The COVID-19 emergency is ending: Are you prepared?

2020 08 18 18 41 2425 Dental Patient Team 400

As the COVID-19 public health emergency nears its end, dentists should review workplace policies, remote work schedules, and expiring U.S. government-imposed requirements, according to a webinar held on March 23 by the Dental Trade Alliance's lobbying firm Polsinelli.

The COVID-19 public health emergency expires on May 11. To prepare, employers should communicate to employees that work policies related to COVID-19 screenings, vaccine mandates, safety protocols, and flexible work schedules may be coming. Dentists should also identify documents and communications that may need to be updated.

"Timely and accurately communicating information to participants is essential," Jamie Kwiatek, a shareholder at Polsinelli, said.

Masking policies, documents, and more

Employers may need to consider a few aspects before making changes to their masking, social distancing, contact tracing, and screening policies, said Gillian Bidgood, employment advice and investigations chair at Polsinelli. Before making changes, check whether your policies comply with state and local requirements. Also, weigh your workplace type, workforce, and the cost to maintain screening or other measures.

"Does the workplace have lots of interactions between employees and the public?" Bidgood asked. "Is the workforce comfortable with these measures? Think about costs, then make a decision."

Now is also the time to review documents that may need to be updated, according to Kwiatek. Documents to consider changing include the following:

  • Medical plan documents and summary plan descriptions of benefits plans
  • Wrap plans
  • Enrollment guides and benefit booklets
  • Other communications and policies posted on intranets, physical worksites, and social media

"The idea here is that you take a thorough look," Kwiatek said. "Did you offer an incentive for getting a vaccine? You may need to update that document. Communicate that changes are coming or may be coming."

Supporting employees who don't want to return to the workplace

During the COVID-19 pandemic, many workplaces went remote or implemented hybrid work schedules. Bidgood said employers should consider the following factors before continuing with remote or hybrid work schedules:

  • Compliance with applicable wage and hour laws
  • Reimbursement of work-related expenses
  • Safe remote workspaces
  • Privacy and data security
  • Written policies documenting the working arrangement

Companies must consider whether employees work in safe remote workspaces, since injuries sustained there can be compensable under workers' compensation laws, Bidgood said.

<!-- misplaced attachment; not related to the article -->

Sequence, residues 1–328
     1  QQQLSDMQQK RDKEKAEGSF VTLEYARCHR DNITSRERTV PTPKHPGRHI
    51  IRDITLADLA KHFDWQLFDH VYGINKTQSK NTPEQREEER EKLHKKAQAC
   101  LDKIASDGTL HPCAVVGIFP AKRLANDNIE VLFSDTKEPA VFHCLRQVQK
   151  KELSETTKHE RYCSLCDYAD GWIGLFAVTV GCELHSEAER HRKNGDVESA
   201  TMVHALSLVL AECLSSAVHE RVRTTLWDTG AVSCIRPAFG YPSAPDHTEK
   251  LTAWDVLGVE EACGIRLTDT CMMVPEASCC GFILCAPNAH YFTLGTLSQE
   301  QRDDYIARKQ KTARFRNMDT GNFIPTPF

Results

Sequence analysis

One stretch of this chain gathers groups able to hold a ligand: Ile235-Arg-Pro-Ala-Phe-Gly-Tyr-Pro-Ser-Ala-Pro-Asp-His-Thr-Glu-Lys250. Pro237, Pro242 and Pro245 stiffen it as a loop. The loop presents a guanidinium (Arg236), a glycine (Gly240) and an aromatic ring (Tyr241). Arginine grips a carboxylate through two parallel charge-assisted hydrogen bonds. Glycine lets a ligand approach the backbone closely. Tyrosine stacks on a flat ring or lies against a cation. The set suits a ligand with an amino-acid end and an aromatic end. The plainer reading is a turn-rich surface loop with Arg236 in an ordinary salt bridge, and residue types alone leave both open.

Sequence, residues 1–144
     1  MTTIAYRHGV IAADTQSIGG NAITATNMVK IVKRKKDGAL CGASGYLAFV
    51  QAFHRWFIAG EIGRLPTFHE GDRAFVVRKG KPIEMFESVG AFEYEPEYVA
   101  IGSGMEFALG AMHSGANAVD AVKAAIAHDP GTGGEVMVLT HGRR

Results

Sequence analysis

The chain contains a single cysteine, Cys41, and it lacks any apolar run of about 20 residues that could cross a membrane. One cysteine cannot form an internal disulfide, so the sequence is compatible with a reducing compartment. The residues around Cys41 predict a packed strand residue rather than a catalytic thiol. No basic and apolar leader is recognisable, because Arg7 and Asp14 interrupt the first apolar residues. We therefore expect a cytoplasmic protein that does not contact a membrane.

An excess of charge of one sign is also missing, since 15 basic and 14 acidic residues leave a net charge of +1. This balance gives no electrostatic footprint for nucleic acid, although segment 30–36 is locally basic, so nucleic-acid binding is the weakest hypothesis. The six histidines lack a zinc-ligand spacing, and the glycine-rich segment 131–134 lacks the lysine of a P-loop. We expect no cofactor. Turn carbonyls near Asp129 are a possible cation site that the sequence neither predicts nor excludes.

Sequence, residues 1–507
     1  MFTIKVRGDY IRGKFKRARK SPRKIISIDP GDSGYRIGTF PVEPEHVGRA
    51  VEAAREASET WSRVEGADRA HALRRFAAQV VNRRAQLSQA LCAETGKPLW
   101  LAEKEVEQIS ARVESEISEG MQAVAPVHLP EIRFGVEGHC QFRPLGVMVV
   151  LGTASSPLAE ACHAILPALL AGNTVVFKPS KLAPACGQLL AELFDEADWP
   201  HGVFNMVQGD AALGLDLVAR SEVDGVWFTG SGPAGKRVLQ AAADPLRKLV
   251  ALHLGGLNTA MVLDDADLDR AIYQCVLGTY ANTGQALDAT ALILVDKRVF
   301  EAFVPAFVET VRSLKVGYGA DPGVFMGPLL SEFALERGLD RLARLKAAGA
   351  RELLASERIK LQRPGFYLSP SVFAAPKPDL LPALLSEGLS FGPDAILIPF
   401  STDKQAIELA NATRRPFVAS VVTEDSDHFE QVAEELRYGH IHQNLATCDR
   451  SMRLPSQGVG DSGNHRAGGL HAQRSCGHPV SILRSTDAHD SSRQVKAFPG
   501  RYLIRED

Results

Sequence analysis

As employers have tried to transition from remote or hybrid work schedules to an in-office schedule, they have encountered resistance from workers who are not ready to return to workplaces, Lindsay Ryan, employment advice and investigations chair at Polsinelli, said. Under U.S. Occupational Safety and Health Administration regulations, employees can only refuse to return to the workplace if they reasonably believe they are in imminent danger of death or serious injury or due to the urgency of a situation, there is insufficient time to eliminate the danger, Ryan said.

"This danger cannot be a generalized fear," Ryan said. "Rather, it has to be a real and identifiable condition. Being afraid of contracting COVID-19 in the workplace isn't a real fear."

What about employees who are dealing with mental health issues and are hesitant to return to the workplace? Burnout has been a major problem within the dental community.

In August 2022, the first known U.S. survey to analyze the long-term mental health of dental professionals during the COVID-19 pandemic was published. Though dentists and hygienists frequently reported poor mental health during peaks of COVID-19 transmission, hygienists had higher rates of anxiety and depression, according to the study, which surveyed more than 8,900 dental professionals.

In this type of situation, employers can inform employees of what they are doing to keep them safe, Ryan said. If an employee has a qualifying mental health issue and comes to their employer with a doctor's note, employers may want to consider their limitations and what accommodations, like remote work, can be offered to successfully address their concerns, Ryan added.

"If your workplace is having a COVID-19 outbreak and it's ignoring all public health guidance, then an employee may have grounds to refuse," Ryan said.